The fourth research workshop Fast Forward2: Women in Photography, funded with The Leverhulme Trust International Network Grant, took place at The Finnish Museum of Photography on May 14 – 15, 2018, hosted by Elina Heikka, Director of the Museum.
Presentations and open discussion took place over the two-day workshop around ideas and themes concerned with the work and position of women photographers today. The summaries of presentations (part two) are below.
Sofia Lahti (Curator, Collections, The Finnish Museum of Photography, Finland)
Social Media Diaries – collecting social photography together
“I will present one of the case studies in our ongoing Collecting Social Photo project, in this case focusing on the social media photo sharing practices of two young Finnish women. Both are active instagrammers, but with two different approaches to the medium”.
Patricia Azevedo (Artist / Curator of FIF BH/ Professor in the Visual Arts, Universidade Federal de Minas Gerais, Brazil)
PICK-ME-UP: collaboration and networks
Patricia Azevedo talked about a flexible practice that occurs when the artists are geographically distant or when they are together, taking advantage of these spatial situations as triggers to develop a kind of “conversation” that updates a common territory, that goes “between” the differences put to talk, composing a dialogical and performative spaces.
Miia Autio (Visual Artist / Photographer, Finland)
Variation of White & Miss Albino
Through an introduction to my work Variation of White I consider the role of photographic representation in generating power positions and preconceptions. Accompanying video work Miss Albino, depicting a beauty competition for young women with albinism in Tanzania, demonstrates how representation can also work as empowerment – on the other hand leading to more complicated questions about portrayal of women in different contexts.
Johanna Frigård (University lecturer, Art History, University of Turku, Finland)
The route of Emmi Fock (1898-1983) into the history of Finnish photography
Emmi Fock was a photographer active especially in 1920s and 1930s in Turku, Finland. She was actively taking part in international exhibitions and competitions and was very much valued as a studio photographer at her time. Anyway, she was all but forgotten before 1990s, when her personal photography attracted the interest of several researchers. In my presentation I will analyse the various reasons for her omission and the role of researchers in including her in the historiography of photography.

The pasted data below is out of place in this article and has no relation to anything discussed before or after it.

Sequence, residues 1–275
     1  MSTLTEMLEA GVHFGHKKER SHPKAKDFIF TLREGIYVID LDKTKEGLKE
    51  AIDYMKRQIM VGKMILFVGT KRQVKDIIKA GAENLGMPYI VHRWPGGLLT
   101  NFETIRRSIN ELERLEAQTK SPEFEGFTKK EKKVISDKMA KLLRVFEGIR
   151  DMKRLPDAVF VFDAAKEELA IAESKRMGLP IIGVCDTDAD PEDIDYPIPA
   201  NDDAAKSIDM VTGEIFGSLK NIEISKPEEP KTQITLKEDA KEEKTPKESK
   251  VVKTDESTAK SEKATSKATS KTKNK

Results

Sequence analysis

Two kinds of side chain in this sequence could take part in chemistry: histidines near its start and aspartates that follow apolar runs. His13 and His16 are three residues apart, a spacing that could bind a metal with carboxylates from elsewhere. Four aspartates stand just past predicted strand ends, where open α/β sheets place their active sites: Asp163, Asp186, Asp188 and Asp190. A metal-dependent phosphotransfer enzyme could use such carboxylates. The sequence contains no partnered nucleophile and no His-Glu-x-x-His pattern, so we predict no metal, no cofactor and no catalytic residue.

Milla Talassalo (Documentary photographer, Finland)
Women photographers representing women
The presentation is based on Talassalo’s ongoing MA thesis research in which she explores how women photographers represent women in the field of documentary photography. She discusses the representation of women and female gaze that are layered and complex phenomena, which offer important aspects into the discourse of contemporary photography.
Erica Nyholm (Artist, Finland)
Erica Nyholm, artist, spoke about her work, which has been guided by a chapter in a book owned by her grandmother that reflected many of the conservative ideas that she herself was brought up with as one of seven children. The chapter is titled: A Guide for the Young For All Stages of Life, 1863. Erica creates staged tableaux that depict stories from her past and present, the work is autobiographical. Her photographs frequently depict women, mothers, daughters, grandmother and the relationships between them in a spare and deliberate manner.
Leena Saraste (Independent researcher and artist, Finland)
“I would like to talk about the early history of our education – how it facilitated the work of women in photography. The majority of portrait photographers have always been women, but extremely few in other fields. in 1980 I was asked to write an article about Finnish (contemporary) female photographers and I found just many, three of them in in the beginning of of a promising career: Merja Salo, Liisa Karvonen and Hannele Rantala. They were students at that time. I was astonished to notice how their work and the work of other girls had not been published equally along with the works of male photographers. Was there a real difference in the way they saw the world – and what kind of a difference? A couple of years later we organised in Helsinki an exhibition of women, and there were already 27 interesting participants. Sometimes more than half of the students have been women even since, as well as teachers”.
Merja Salo (Professor of Photography and Visual Communication, Department of Media, Aalto University, Finland)
Merja Salo talked about education and Helsinki School.
Sohail Akbar (Associate Professor, AJK Mass Communication Research Centre, Jamia Millia Islamia, India)
Sohail Akbar did a short presentation around a couple of his students current photo projects and talk about them. He showed how they in teaching try to inculcate thinking on issues that are of concern in this part of the world and how their students give it a visual treatment.
The other participants of the workshop who haven’t presented but fully contributed to the discussions:
Anna Fox, Photographer / Professor of Photography at UCA (UK);
Henna Harri, Director, Association of Photographic Artists / Photographic Gallery Hippolyte (Finland);
Elina Heikka, Director of The Finnish Museum of Photography (Finland);
Anni Wallenius, Chief Curator, Collections, The Finnish Museum of Photography (Finland).